The book is mostly composed of truly absurd scenes — including a black cat that walks on two legs and is capable of talking — prompting me to think, rather flippantly and with tongue planted firmly in my cheek, that Bulgakov wrote it when he was off his face on vodka. And yet, despite my aversion to magic realism, of which there is quite a bit in this hefty 400-plus page novel, I quite enjoyed some of the more fantastical elements, including the section in which Margarita transforms into a witch at Satan’s Ball and has an amazing time getting people to respect her.

But I struggled with the Pontius Pilate “novel”, which seemed to interrupt the flow of the (more interesting and mischievous) devil’s narrative.

A challenging read

I read this book on and off over the course of the month (in between other reads) and found it was best to tackle it in large chunks — at least an hour at a time — instead of the usual 20-minute tube journey. Overall, I found it really hard work, certainly the first half which was “bitty” (and that second chapter, which switches from “modern” Moscow to ancient Jerusalem, really disoriented me), but I found the second half  much more enjoyable and easier to read.

That said, a lot of the biblical stuff went over my head: it’s a very ecclesiastical novel and I wasn’t raised in that tradition. I wonder if I might have identified with it more/made links if I knew the Bible much better?

All in all, it’s a novel full of surprising moments (I will never look at a black cat the same way again) and one that took me right out of my comfort zone into a crazy, inventive world the likes of which I’ve never experienced before.

Interestingly, The Master and Margarita was not published during Bulgakov’s lifetime — it was first published in 1966, almost 30 years after his death — because it satirised Soviet life and highlighted the ways in which Christianity was attacked during the communist period, or as 1001 Books You Must Read Before You Die points out, it “blasted open ‘official truths’ with the force of a carnival out of control”.  You can read more about the author on his wikipedia page.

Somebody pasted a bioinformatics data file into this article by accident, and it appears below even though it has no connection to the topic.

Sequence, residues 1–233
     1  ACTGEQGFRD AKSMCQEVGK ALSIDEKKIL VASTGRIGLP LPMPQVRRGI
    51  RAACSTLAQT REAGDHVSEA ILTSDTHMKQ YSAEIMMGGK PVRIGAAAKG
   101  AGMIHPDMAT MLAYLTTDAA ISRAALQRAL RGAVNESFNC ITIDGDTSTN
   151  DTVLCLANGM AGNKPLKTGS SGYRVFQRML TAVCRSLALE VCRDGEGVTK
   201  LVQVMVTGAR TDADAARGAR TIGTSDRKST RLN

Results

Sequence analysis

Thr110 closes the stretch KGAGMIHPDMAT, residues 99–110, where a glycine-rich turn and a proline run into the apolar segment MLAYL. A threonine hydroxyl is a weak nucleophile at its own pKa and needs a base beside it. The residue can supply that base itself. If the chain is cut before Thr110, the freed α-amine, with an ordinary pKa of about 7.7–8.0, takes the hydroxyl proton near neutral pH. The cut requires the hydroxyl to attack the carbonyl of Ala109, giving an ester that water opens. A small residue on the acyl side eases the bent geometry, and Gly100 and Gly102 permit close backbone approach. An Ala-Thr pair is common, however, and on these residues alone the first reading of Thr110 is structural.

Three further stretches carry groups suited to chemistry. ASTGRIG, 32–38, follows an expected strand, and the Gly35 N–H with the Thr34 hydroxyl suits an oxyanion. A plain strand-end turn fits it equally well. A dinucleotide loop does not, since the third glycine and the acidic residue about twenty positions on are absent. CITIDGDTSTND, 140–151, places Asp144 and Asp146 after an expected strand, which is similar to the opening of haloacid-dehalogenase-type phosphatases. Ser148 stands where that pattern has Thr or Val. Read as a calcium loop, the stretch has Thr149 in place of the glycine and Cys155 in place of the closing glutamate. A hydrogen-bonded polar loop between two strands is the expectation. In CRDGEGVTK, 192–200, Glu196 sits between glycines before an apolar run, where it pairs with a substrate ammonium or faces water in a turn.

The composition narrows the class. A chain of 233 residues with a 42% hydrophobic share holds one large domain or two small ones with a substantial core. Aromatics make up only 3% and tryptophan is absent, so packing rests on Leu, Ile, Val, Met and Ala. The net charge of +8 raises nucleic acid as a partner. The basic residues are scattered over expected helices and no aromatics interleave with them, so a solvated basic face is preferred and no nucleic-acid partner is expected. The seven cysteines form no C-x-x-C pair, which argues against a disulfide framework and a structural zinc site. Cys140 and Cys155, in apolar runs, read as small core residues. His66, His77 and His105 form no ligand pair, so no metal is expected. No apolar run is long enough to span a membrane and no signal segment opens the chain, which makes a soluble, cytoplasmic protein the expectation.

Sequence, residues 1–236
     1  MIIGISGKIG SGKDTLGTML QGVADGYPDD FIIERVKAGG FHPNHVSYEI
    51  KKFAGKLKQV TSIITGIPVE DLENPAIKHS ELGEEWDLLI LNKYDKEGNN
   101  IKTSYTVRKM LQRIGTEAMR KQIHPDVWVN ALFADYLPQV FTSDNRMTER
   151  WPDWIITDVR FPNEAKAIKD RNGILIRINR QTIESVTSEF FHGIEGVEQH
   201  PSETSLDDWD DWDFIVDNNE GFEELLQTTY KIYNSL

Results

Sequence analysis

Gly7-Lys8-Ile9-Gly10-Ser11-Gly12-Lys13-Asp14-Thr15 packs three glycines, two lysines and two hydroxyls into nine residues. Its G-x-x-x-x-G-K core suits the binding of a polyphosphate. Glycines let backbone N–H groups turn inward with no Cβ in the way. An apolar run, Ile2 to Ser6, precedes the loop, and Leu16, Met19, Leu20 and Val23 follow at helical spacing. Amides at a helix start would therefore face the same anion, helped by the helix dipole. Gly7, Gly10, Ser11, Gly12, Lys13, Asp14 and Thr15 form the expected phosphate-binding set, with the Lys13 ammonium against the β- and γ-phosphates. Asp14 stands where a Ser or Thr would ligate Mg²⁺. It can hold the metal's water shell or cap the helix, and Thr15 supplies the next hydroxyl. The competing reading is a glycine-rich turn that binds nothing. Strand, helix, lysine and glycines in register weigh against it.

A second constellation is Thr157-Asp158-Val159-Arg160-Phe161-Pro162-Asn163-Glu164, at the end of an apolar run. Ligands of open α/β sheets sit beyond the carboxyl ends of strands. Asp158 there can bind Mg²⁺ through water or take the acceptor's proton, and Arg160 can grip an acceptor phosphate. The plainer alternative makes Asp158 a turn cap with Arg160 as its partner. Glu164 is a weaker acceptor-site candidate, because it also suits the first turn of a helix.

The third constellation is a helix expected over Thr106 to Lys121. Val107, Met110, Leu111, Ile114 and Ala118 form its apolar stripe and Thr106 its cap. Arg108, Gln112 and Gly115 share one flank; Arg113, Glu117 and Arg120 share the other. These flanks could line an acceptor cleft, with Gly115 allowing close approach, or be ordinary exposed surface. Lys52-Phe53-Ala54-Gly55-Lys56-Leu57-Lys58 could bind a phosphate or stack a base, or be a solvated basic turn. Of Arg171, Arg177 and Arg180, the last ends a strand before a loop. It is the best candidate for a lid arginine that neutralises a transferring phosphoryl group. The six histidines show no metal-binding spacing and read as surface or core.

1001 books, Author, Book review, Faber and Faber, Fiction, Flannery O'Connor, literary fiction, Publisher, Setting, USA

‘Wise Blood’ by Flannery O’Connor

Wise-blood

Fiction – paperback; Faber and Faber; 160 pages; 2008.

Flannery O’Connor’s debut novel, Wise Blood, was first published in 1949. It’s a rather odd, slightly disturbing, tale set in America’s evangelical Deep South after the Second World War and is listed in Peter Boxall’s 1001 Books You Must Read Before You Die.

Return home

The story follows a young man, Hazel Motes, from Eastrod, Tennessee, who returns to the South after four years in the army. We know little of his background other than his grandfather had been a preacher, his younger brother died in infancy and his other brother fell in front of a mowing machine when he was seven years old.

We also know that as a child he had wanted to follow family tradition and become a preacher, but somewhere along the line — most likely in the war — he has turned completely against religion and does not believe that Jesus exists.

When he arrives back home he comes across a “blind” preacher, Asa Hawkes, and his 15-year-old daughter, Sabbath, and is so infuriated by their “message” that he decides to set up his own anti-religion. It is called The Church Without Christ.

“I’m a member and preacher to that church where the blind don’t see and the lame don’t walk and what’s dead stays that way. Ask me about that church and I’ll tell you it’s the church that the blood of Jesus don’t foul with redemption.”

He then buys a car (even though he doesn’t have a driving licence) and travels the streets looking for convenient places — usually out the front of a movie house — to preach his message, where he is generally given short shrift. When another man “adopts” his religion but calls it the Holy Church Without Christ things get complicated — and violent.

A comic novel — or a macabre one?

In the Author’s Note to my edition, Flannery O’Connor writes  (in 1962) that Wise Blood is a comic novel about a Christian malgré lui. But I have to admit I didn’t see much that was funny and was often disturbed by the undertone of menace throughout and the ways in which the narrative often turned on violent or macabre events.

But there’s a lot to mull over here, because even though the book is just 160 pages long, it’s jam-packed with ideas and issues and moves along at a clipping pace. I often had to re-read entire pages because I had missed a crucial piece of information and I think I could probably read the book for a second time and still not feel I had grasped everything to which the author alludes.